Marvel Super-Heroes Special Winter 1991


This issue isn’t important just because Erik Larsen had the foresight to draw Namor flying around with the X-Men (something the Sub-Mariner wouldn’t regularly do until about twenty years after this was published).

I know that Iron Man is in this picture as well, but lets assume that he has relapsed into alcoholism and stumbled into the frame.

What is most important is that it’s the debut of Steve Ditko’s final marvel creation—Squirrel Girl!

Before she became a nanny/babysitter for Power Man and Jessica Jones, she turned up in this quarterly special.

Ditko introduces the rodent powered hero in a short feature with Iron Man. He’s been kidnapped by Doctor Doom, and the only person he can call for help is Squirrel Girl. The character is just so ridiculous, with her only being able to communicate with squirrels (in squirrel-girlparticularly, her favorite who is named Monkey Joe) and some other squirrely powers. See what I did there?

Early in the story, she’s pleading to be Iron Man’s sidekick, but he keeps blowing her off. The poor girl is clueless. But Squirrel Girl proves her worth when she calls for some backup–Monkey Joe and about a thousand of his little furry friends. They subdue and in turn wind up humiliating  Doctor Doom.

She’s a really goofy character and reminds me of Sue Heck from The Middle with her constant cheeriness. The whole thing is just so absurd to the point that you  have to imagine that it made Ditko either really mad or he immensely enjoyed the story.

The rest of the book has some fun stuff, involving the X-Men trying to stop a half-human, half-Sentinel who has gone out of control, Namor making making some bird-like friends, and a bunch of Jim Starlin. So should you buy this? Only if you are a speculator waiting for Squirrel Girl: The Movie. No really, it’s a fun anthology and great for some light reading.

Infinity Gauntlet #3

With all the talk of Thanos the last couple of months, let’s jump right into the middle of his previous most notable appearance: I’m talking about the Infinity Gauntlet mini-series. Thanos is still planning on destroying the universe in an effort to impress Death.

Back on Earth, Nick Fury, SHIELD and the rest of the Avengers are trying to save people from the looming apocalypse. There’s a one page long sequence of Black Widow failing to save an elderly lady from falling to her demise that is kind of awkward. It doesn’t necessarily do anything to advance the story.

Anyway, Adam Warlock is building a coalition of Earth’s mightiest heroes (and Doctor Doom) to combat Thanos, alongside some cosmic types like Drax the Destroyer, Firelord and Nova. But then there are some odd choices. Don’t get me wrong, Namor and Cloak of Cloak and Dagger fame are along for the ride. But at the same time, why them? And this is coming from someone who really likes the characters.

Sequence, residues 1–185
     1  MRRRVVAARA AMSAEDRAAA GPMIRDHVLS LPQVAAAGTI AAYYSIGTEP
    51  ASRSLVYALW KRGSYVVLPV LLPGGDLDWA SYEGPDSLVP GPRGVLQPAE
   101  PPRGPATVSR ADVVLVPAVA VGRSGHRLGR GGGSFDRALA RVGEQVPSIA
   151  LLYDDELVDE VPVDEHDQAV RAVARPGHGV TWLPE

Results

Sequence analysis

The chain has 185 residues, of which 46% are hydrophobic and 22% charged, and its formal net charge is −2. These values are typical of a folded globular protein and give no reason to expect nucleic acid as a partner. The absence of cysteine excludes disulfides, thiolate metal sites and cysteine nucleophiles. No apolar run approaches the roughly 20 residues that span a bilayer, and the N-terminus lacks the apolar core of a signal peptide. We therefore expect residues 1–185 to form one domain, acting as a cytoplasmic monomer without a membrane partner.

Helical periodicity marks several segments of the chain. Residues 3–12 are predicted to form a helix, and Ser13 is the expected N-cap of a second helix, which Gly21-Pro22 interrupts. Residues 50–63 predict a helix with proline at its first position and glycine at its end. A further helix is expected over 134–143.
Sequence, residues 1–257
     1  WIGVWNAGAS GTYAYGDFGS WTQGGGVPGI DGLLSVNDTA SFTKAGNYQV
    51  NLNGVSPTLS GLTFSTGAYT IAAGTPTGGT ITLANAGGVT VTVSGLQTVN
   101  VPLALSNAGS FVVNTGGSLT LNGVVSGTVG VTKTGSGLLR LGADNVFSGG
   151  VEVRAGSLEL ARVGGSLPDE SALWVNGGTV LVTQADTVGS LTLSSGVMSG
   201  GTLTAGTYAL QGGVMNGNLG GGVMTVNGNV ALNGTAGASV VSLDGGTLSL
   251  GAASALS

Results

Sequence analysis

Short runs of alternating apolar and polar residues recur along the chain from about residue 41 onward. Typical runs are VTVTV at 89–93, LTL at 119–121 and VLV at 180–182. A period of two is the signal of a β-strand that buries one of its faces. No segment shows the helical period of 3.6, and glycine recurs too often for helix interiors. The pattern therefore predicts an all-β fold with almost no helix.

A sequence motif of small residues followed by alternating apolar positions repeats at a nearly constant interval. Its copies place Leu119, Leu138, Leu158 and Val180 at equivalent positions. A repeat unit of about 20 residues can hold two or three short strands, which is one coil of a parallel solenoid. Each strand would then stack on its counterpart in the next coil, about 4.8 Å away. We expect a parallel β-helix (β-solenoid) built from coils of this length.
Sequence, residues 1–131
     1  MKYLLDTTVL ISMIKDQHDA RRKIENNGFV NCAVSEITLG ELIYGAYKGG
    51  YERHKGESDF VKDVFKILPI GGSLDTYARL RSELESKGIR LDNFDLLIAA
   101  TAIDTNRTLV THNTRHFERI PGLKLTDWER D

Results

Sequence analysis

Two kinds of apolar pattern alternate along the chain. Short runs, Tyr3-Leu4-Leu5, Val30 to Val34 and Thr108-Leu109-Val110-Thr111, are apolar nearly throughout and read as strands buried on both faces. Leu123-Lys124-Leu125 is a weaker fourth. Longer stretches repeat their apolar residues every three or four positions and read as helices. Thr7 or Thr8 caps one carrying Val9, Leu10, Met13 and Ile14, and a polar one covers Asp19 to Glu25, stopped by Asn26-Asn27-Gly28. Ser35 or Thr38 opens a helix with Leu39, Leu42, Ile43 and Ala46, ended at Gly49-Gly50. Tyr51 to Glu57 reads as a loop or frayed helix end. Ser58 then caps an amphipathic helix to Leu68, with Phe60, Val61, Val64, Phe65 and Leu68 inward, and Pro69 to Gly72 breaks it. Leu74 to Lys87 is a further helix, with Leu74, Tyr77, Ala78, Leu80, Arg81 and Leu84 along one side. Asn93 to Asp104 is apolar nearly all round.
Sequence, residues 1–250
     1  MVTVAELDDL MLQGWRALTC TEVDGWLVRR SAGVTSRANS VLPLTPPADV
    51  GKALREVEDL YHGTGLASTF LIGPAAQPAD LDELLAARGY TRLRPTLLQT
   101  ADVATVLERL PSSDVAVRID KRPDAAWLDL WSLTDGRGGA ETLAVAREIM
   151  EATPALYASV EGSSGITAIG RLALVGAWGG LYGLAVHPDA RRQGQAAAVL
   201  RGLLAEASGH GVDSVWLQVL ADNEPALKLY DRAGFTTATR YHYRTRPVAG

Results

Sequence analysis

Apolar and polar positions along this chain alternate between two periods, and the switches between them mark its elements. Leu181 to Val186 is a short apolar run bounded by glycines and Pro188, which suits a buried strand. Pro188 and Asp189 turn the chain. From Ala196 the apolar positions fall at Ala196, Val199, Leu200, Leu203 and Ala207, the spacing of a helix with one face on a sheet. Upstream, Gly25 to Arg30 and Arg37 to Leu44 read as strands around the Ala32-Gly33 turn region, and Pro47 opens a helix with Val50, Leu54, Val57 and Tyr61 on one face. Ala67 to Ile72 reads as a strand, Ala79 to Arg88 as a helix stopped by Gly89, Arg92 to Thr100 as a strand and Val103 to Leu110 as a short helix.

Getting back to the story, Adam Warlock makes an appeal to the most cosmic deities in the Marvel Universe to help him save everything. So after begrudgingly getting them on board, it’s off to save the day.

This issue, and the whole series in general, works thanks to the creative team. Jim Starlin’s writing works so well with this, as he either created or revamped most of these characters at some point. On the art side, George Perez does a heck of a job. He really does an amazing job at handling all these characters.

Infinity Gauntlet is a really fun super crossover that I kind of forgot about. It makes me feel really old remembering it came out twenty-one years ago. Time flies when you’re having fun.

Adam Strange Special #1

When I picked up this issue, there was only really two things that came struck me.

  1. Adam Strange was that cool concept that my dad tole me about when I was a kid, sort of like a John Carter from Mars type.
  2. Comics writer/artist extraordinaire Jim Starlin knows a thing or two about putting together epic cosmic stories.

That said, Adam Strange Special #1 kicks in towards the end of the Rann/Thangar War during the Infinite Crisis period of DC. I didn’t follow that cross over, but this issue is pretty self-contained. The story is a lot like A Christmas Story,with Adam visiting his past and future on the planet Rann.

Adam finds out that not only will he win up being responsible for the death of his daughter Aleea, but eventually for the destruction of the planet. Eep. Along his time shifting, he encounters a shady character named Synnar, who comes to power as a result of Adam destroying Rann. The story ends with Adam figuring out how to communicate with a younger version of himself, warning him of the impending horrors he will cause.

This could have been a really awkward one shot to read, as it directly finishes Rann/Thangar War mini series and its sequel. Instead, it’s a pretty straight forward tale, warning Adam Strange of something horrible that he will inevitably cause.

Rick Leonardi and Dan Green’s art on the book is great; it really has that 1970s/1980s cosmic super hero feel to it. At first I thought it was Starlin doing the art, but the duo really matched his visual style.

I really haven’t checked out much Adam Strange stuff over the years, but definitely got my attention.